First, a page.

Thus it is important to ask whether or not we can analyse such transactions and the extent of the analysis possible, and if so, how? In our paper being presented today at the USENIX Security Symposium, we (Haaroon Yousaf, George Kappos and Sarah Meiklejohn) answer these questions.

Our Research

In summary, we scraped and linked over 1.3 million transactions across different blockchains from the service ShapeShift. In doing so, we found over 100,000 cases where users would convert coins to another currency then move right back to the original one, identified that a Bitcoin address associated with CoinPayments.net address is a very popular service for users to shift to, and saw that scammers preferred shifting their Ethereum to Bitcoin and Monero.

We collected and analysed 13 months of transaction data across eight different blockchains to identify how users interacted with this service. In doing so, we developed new heuristics and identified various patterns of cross-currency trades.

What is ShapeShift? 

ShapeShift is a lightweight cross-currency non-custodial service that facilitates trades which allows users to directly trade coins from one currency to another (a cross-currency shift). This service acts as the entity which facilitates the entire trade, allowing users to essentially swap their coins with its own supply. ShapeShift and Changelly are examples of such services.

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Next version of Android might introduce new security risks for online banking, 2FA, and more

Google is preparing new functionality for Android that will allow apps to retrieve and auto-fill security codes from SMS. Last year Apple introduced a similar feature to iOS and macOS, for which we discovered security risks for online banking, two-factor authentication, and other services. Will Google come up with a better design? In this post, we analyse what we know about this feature so far.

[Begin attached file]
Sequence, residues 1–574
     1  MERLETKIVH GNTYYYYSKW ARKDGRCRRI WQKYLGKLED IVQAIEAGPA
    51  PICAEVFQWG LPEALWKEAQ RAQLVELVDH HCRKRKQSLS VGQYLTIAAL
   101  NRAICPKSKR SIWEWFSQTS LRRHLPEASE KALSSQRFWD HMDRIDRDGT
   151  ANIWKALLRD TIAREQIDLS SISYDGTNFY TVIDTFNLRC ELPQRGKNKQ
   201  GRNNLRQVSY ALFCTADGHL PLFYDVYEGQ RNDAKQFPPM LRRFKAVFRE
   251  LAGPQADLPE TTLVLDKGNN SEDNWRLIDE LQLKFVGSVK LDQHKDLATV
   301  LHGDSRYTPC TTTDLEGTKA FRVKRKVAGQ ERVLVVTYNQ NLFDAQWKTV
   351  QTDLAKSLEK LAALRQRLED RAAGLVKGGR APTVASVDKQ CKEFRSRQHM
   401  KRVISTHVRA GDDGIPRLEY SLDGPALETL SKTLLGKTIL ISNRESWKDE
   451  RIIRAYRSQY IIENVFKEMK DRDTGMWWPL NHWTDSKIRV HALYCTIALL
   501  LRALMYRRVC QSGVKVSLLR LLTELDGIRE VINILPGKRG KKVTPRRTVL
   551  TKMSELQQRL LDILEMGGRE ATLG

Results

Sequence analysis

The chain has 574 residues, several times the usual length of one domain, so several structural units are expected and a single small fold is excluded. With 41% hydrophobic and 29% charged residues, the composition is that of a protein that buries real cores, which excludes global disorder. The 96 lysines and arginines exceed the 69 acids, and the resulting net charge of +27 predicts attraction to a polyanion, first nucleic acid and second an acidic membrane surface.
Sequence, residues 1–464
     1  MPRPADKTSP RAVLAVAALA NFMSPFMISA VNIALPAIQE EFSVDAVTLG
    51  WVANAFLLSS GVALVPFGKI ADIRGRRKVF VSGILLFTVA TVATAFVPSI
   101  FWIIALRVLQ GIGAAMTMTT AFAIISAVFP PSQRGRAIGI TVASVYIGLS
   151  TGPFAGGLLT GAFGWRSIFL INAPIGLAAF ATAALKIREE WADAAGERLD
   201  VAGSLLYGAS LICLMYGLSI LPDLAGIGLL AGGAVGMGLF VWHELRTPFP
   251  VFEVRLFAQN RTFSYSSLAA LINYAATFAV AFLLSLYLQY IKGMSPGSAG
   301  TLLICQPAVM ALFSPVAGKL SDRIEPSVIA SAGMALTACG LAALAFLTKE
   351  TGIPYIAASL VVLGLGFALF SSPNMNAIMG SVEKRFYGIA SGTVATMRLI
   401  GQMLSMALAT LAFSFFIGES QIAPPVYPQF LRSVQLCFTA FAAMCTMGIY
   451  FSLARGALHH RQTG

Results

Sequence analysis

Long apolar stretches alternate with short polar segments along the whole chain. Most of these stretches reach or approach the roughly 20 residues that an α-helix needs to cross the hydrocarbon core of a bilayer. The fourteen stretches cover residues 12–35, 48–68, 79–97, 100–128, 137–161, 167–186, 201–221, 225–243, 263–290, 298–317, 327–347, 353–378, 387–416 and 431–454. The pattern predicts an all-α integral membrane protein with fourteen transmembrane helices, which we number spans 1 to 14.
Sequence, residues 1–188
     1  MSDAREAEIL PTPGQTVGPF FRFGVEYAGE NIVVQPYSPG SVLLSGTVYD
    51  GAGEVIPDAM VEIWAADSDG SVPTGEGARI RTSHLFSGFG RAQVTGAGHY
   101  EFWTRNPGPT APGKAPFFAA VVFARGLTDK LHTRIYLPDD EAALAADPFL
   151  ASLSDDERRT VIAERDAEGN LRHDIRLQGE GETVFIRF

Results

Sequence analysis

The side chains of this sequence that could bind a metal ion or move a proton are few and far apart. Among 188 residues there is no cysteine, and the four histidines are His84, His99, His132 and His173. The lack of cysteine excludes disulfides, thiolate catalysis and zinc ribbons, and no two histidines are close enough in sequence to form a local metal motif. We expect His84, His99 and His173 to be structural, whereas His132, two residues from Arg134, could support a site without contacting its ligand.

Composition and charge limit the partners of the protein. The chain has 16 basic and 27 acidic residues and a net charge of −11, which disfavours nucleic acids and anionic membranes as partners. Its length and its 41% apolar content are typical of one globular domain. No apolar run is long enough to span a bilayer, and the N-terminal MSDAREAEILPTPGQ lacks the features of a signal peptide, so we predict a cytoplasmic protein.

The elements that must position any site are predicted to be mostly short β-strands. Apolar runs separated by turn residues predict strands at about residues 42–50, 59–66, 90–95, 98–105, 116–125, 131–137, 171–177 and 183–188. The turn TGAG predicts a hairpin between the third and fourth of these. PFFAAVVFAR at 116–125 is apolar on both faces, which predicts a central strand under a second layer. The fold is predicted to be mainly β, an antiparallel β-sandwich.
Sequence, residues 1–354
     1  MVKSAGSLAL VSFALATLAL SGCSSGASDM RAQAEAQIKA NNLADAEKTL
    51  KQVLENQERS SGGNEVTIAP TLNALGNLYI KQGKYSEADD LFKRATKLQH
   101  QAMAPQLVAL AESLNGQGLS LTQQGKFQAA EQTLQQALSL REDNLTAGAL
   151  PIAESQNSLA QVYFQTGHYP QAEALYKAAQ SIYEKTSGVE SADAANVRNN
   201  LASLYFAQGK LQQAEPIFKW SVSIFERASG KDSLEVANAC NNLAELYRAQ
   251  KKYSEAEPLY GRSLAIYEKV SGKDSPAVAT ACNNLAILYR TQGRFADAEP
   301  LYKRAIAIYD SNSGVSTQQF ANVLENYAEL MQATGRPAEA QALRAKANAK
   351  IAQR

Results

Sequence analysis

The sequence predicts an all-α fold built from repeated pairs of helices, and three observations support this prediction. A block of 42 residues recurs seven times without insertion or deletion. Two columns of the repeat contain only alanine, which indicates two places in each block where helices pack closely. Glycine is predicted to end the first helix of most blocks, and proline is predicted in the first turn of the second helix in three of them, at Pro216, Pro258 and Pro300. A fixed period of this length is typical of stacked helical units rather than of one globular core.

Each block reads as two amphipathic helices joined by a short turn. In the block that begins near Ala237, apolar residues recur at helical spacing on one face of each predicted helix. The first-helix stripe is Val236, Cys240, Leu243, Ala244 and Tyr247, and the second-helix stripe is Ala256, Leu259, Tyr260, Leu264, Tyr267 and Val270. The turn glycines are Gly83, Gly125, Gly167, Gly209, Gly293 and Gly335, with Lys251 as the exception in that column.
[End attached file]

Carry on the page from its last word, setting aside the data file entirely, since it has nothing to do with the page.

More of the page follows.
The latest developer beta of Google Play Services (18.7.13 beta) contains code fragments that show a new Android permission to automatically retrieve verification codes from text messages. This feature has not yet been fully implemented, but the available code allows for some analysis and early evaluation for possible security risks, akin to similar risks we demonstrated in 2018 for the Security Code AutoFill feature in iOS and macOS.

Background

It seems that Google is updating the “Autofill Framework”, introduced with Android 8.0 in 2017, to include the new functionality. Previously, this framework’s sole purpose was to support the autofill functionality of password managers in Android apps and websites. The code fragments of this new feature reveal the names and descriptions of the associated system setting and corresponding runtime permission requests, shown below.

A screenshot of an Android phone.
The likely UI of the new setting in Android to enable/disable SMS Code Auto-fill.
The picture of an Android runtime permission request.
The likely UI of the new runtime permission request in Android to deny or allow an application’s access to the SMS Code Auto-fill feature.